This was what prompted Bright to comment in the Cincinnati Gazette on the cross Lincoln had to bear for doing good, to wit, rescuing America from the jaws of war. For his vision and steadfastness, Lincoln became a victim of the most vitriolic attacks from American politicians including members of his Republican party. It is the way of politics. Muck-raking is an essential ingredient of political shenanigan.

As a student of history and researcher on leadership, I have discovered that the most tasking aspect of leadership is not being the top cat of a multi-national corporation, it is leading men, no matter how few, in a democratic environment. Often, men take advantage of the liberties of free speech, free enterprise and freedom of association to undermine the establishment.

In Nigeria, one state comes close in comparison with the American example. Delta State , by far the most ethnically diverse state in the country, offers a clue to unlocking the dynamics of political leadership in the country. It parades the most acerbic opposition. It is governed by the ruling party, the PDP, yet even that has done little to shield the leadership from the darts of the opposition, and sometimes from the self-contrived implosion in the PDP. At the centre of the vortex is Emmanuel Uduaghan, a medical doctor and governor of the state.

Since he was sworn in as governor on May 29, 2007, he has come under a heavy weather of criticisms; some constructive, some puerile and some downright whimsical. Anybody who relies on the media spins of the opposition to assess the governor would come away with the impression that Uduaghan is under-performing. His traducers have sworn to an oath of selective amnesia: they will only see evil even where good is flourishing. 

They are incurable cynics who never see any good in another. A cynic sees nothing but faults and acknowledges nothing but lapses, most times such lapses are non-existent but mischievously created in his prejudiced imagination. Uduaghan’s critics, a small crowd of knockers who pretend to see the inside of a house better than those who live in it, do exactly this. They have gone senseless with their vicious criticisms and monotonous cynicisms. 

They epitomise the base values of the critic which Henry Beecher, the late American preacher once described as one who “never sees a good quality in a man, and never fails to see a bad one. He is the human owl, vigilant in darkness and blind to light, mousing for vermin and never seeing noble game”.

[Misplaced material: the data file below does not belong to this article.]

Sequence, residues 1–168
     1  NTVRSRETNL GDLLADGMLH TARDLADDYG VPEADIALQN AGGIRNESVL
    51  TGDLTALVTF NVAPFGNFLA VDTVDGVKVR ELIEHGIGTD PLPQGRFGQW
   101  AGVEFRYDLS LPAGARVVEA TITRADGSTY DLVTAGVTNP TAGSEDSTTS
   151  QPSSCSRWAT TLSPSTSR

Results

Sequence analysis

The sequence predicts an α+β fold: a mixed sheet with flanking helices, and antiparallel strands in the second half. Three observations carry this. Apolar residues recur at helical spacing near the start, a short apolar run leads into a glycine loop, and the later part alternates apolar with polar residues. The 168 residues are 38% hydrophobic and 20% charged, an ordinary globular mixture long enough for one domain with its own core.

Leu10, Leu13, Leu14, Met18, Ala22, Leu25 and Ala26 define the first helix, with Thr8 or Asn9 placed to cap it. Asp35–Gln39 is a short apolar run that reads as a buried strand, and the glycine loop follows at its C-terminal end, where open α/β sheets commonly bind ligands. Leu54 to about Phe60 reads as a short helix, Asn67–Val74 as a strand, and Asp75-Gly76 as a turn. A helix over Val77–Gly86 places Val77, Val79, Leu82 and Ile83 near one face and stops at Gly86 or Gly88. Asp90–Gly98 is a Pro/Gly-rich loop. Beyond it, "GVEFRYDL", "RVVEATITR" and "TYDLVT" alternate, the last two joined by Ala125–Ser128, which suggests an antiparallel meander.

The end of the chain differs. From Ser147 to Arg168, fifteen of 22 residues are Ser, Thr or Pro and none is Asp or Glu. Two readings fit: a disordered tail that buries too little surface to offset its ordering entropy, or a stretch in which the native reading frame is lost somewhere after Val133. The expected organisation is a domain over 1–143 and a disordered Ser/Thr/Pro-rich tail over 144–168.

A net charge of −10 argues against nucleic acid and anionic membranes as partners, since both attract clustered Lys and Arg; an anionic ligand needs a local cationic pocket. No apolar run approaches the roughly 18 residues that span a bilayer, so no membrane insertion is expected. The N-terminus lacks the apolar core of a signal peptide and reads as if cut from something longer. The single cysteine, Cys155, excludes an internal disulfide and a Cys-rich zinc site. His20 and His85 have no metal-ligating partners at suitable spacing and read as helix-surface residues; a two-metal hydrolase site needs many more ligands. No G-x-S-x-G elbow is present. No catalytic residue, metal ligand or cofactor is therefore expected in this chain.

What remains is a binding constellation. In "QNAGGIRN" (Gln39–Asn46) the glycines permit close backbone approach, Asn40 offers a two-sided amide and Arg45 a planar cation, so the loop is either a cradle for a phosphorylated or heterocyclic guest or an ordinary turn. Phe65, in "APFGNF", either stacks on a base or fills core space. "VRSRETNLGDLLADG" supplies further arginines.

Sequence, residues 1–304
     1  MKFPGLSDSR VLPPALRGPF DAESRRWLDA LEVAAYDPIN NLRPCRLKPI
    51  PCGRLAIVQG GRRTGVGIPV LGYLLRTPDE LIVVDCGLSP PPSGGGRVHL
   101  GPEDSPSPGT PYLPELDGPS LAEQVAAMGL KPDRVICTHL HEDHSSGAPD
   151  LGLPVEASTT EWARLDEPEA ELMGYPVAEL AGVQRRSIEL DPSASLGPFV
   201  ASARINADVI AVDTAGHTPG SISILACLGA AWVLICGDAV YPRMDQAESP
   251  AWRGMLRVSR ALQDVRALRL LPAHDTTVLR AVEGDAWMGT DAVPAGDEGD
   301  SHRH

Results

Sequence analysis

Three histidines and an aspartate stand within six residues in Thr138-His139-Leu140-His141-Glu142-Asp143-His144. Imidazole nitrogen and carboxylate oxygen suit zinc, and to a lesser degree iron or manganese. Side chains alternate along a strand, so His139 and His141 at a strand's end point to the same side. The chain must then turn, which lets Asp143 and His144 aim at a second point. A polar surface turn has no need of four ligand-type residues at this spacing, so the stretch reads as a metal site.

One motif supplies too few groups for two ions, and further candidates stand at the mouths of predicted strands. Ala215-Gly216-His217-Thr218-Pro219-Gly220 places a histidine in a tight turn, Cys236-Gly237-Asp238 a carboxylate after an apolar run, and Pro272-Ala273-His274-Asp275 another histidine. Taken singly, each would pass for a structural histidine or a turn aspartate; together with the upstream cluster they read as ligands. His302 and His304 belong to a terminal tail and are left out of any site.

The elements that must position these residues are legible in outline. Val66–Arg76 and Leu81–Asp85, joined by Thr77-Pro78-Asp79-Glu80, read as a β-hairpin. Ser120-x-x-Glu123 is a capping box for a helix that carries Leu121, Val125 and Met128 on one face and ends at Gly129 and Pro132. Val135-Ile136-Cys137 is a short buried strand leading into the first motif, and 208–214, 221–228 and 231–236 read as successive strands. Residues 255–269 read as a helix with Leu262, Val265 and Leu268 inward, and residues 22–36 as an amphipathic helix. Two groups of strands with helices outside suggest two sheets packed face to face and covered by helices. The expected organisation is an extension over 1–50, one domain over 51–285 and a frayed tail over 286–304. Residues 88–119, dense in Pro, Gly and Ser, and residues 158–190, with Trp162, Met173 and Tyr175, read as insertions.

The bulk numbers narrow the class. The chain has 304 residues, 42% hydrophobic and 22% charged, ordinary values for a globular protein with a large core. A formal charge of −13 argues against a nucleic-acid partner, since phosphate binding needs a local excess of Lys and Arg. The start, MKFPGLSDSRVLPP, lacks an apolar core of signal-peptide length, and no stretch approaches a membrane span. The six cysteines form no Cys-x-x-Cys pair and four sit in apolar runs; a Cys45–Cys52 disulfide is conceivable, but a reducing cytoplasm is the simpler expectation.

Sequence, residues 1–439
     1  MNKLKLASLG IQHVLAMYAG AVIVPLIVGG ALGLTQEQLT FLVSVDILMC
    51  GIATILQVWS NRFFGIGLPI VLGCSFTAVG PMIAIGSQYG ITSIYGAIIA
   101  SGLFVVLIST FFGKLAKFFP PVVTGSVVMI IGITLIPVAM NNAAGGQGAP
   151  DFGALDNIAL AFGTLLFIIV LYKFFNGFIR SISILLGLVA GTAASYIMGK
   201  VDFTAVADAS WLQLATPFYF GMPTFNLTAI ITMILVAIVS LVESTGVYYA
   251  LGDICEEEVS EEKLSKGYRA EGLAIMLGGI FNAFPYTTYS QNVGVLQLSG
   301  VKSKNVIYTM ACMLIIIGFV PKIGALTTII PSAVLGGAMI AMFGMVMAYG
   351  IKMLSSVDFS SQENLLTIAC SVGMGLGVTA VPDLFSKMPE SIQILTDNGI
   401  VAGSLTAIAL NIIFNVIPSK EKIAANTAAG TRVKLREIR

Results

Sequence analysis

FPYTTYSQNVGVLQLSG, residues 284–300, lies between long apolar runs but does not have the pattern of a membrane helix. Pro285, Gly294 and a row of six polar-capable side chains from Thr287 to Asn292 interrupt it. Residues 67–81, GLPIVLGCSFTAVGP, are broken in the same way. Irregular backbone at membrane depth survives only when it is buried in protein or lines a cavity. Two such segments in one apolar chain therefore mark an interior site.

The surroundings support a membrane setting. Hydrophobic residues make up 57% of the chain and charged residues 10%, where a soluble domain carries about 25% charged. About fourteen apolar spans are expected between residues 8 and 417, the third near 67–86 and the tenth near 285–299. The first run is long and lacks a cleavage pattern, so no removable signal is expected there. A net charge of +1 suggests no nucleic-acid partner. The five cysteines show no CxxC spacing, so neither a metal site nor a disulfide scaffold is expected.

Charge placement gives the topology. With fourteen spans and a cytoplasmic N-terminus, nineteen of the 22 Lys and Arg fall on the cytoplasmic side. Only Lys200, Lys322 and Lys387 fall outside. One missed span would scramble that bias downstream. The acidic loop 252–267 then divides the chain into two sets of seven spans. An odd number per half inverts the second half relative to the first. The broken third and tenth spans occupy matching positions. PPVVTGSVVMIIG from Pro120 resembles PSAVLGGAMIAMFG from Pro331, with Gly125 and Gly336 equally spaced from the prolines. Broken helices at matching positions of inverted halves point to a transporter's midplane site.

Uduaghan’s critics are vigilant in darkness. They are blind to light, blind to reality and the most pathetic of it all is their refusal to admit that the state is under-going transformation in diverse areas. They say the Asaba airport is a ruse; that it does not exist yet everyday they fly into and out of Asaba through the same airport. They speak of a decrepit healthcare system yet their mothers, sisters and aunts benefit from the free maternal care of the Uduaghan government. 

They talk about the sorry state of roads but everyday they cruise through the richly asphalted mesh of roads criss-crossing the state; they pretend not to see the solar-powered street lights that have helped to stymie the pervasion of crime in the state. No, they will not notice the far-reaching reforms in education, the turning of weapons of warfare to ploughshare by the militants. Never would they credit Uduaghan for his revolutionary peace initiatives and rapprochement which have birthed a new era of peace in a state that was once a theatre of savagery.

Because they are blind to reality and are eternally fated to peddling falsehood, Uduaghan’s critics would not notice that while other states are convulsing with demonstrations and strike by workers over the non-implementation of the new minimum wage, Delta State is at peace. This is because long before the federal government decided to make the issue of minimum wage a state policy, Delta State was already paying a living wage to its workers.

Those of us who live in Delta know that the governor is not being vilified on account of non-performance. He is being attacked on account of where he comes from and not what he has done or failed to do in office. This is the peculiar nature of Delta politics. It is politics of ethnicity and of the belly. It is the most banal brand of politics. This is why Uduaghan should not lose sleep over a mob of cynics that is fated to seeing good as evil. 
Ugbechie writes from Warri.
Source: Sun, 27th September 2011.

 

Uduaghan lauds London court’s decision on Ogoni oil spill

Delta governor, Dr Emmanuel Uduaghan, on Friday, commended a British High Court, which ordered Shell Petroleum Development Company of Nigeria to pay compensation to Bodo community in Ogoniland of Rivers.

He said that the court’s decision was a signal to other oil companies whose activities in the Niger Delta region had, over the years, denied the owners of the land, their means of livelihood through devastation of the environment.